Obituary
Obituary
Obituary

China mourns sudden death of provocative photographer Ren Hang

Artist's colourful nude photographs have been widely shown across Asia, Europe and the US

by Lisa Movius  |  28 February 2017
China mourns sudden death of provocative photographer Ren Hang
A photograph by Ren Hang from 2014
China’s art world on Friday mourned the death at age 29 of prolific and provocative photographer and poet Ren Hang. Ren was known for his stylised photographs of bold nudes. He had long struggled with depression, and challenged China’s taboo surrounding mental illness with his openness: he maintained a public blog documenting “My Depression” from June 2007 until last September, in 2013 he published a book by the same title, and presented his battle in his many poems. In late January, he posted on the microblog Weibo that his hope for this year was an early death, and on Friday he jumped from a building, Sohu.com reported.

Ren Hang currently has solo exhibitions running at Stockholm’s Fotografiska Museum (until April 2) and Amsterdam’s Foam Photography Museum (until March 12), as well as a dual show with Li Xinjian at Beijing’s KWM Artcenter (until March 2). Born in Northeastern China’s Jilin Province in 1987, and based in Beijing since age 17, Ren had 22 solo shows at venues around Asia, Europe and the US, including at Chinese underground clubs Yugong Yishan and Yuyintang—as well as a 2015 party about Chinese and Cantonese discos of the 1980s and 90s at Dada Beijing. His brief but meteoritic career spanned 85 group shows, including Paris Photo in Paris, Brussels and Los Angeles, as well as Fuck Off 2 at Holland’s Groninger Museum in 2013. He published 16 books of photography and one of his poetry. His blunt imagery also garnered renown in the fashion world, and he shot for clients including Gucci, Numero and GQ China, Modern Weekly and Vice Austria and France.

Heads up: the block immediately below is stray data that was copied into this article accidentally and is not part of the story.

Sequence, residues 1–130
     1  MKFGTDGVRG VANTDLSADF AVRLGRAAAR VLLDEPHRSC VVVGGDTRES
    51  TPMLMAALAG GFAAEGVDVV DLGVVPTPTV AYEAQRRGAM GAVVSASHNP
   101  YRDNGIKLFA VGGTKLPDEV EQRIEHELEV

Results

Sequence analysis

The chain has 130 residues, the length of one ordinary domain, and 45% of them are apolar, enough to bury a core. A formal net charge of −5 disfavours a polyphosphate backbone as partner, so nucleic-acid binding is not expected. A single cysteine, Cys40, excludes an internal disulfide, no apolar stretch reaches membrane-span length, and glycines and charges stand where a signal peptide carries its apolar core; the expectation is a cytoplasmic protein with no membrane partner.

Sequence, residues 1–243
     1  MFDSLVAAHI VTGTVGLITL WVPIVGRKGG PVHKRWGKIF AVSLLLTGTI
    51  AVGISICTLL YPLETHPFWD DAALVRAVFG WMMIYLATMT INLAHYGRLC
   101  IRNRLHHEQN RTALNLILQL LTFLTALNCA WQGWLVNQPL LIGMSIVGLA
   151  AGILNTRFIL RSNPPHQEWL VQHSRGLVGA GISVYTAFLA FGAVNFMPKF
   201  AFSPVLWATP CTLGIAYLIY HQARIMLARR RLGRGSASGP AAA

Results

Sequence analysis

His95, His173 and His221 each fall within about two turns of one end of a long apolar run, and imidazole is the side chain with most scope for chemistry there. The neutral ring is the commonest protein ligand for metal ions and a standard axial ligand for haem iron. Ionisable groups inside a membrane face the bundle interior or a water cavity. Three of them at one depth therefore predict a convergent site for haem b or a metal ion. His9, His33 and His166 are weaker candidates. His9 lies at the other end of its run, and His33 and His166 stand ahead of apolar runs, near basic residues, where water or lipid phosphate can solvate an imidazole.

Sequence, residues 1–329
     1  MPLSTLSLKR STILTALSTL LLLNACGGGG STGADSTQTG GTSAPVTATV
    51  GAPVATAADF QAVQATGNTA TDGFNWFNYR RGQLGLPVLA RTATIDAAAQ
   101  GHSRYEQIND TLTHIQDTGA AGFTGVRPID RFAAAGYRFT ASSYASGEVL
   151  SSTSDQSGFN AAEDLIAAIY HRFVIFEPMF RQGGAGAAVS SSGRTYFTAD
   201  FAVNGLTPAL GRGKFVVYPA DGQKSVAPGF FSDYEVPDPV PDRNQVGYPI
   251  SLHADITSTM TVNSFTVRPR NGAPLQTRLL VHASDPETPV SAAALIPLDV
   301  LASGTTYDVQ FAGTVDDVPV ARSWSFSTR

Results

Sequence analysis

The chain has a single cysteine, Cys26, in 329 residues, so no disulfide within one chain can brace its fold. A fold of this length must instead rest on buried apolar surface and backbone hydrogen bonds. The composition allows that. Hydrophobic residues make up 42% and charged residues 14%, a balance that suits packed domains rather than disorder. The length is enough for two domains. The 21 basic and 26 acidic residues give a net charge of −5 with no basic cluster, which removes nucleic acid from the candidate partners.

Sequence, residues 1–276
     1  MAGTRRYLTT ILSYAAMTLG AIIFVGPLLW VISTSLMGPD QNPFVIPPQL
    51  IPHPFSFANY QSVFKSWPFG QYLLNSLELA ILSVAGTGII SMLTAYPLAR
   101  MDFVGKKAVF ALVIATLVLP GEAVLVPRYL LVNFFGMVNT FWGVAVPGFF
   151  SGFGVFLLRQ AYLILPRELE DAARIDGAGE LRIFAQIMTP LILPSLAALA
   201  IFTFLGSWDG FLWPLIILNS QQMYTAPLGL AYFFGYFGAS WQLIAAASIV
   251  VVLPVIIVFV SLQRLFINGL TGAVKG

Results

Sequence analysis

The colourfully cheeky nudes of Ren’s photographs have an undercurrent of discomfort and alienation, with the sense of dread and decay amplified in his writing. “Every time I cross a bridge, I am afraid of myself, that I will jump into the river,” Ren wrote in 2013. “I touch the stone lion that is warm from the sun, knowing ultimately it will turn cold. I know I can get through this time, but I’m not so sure about next time.”

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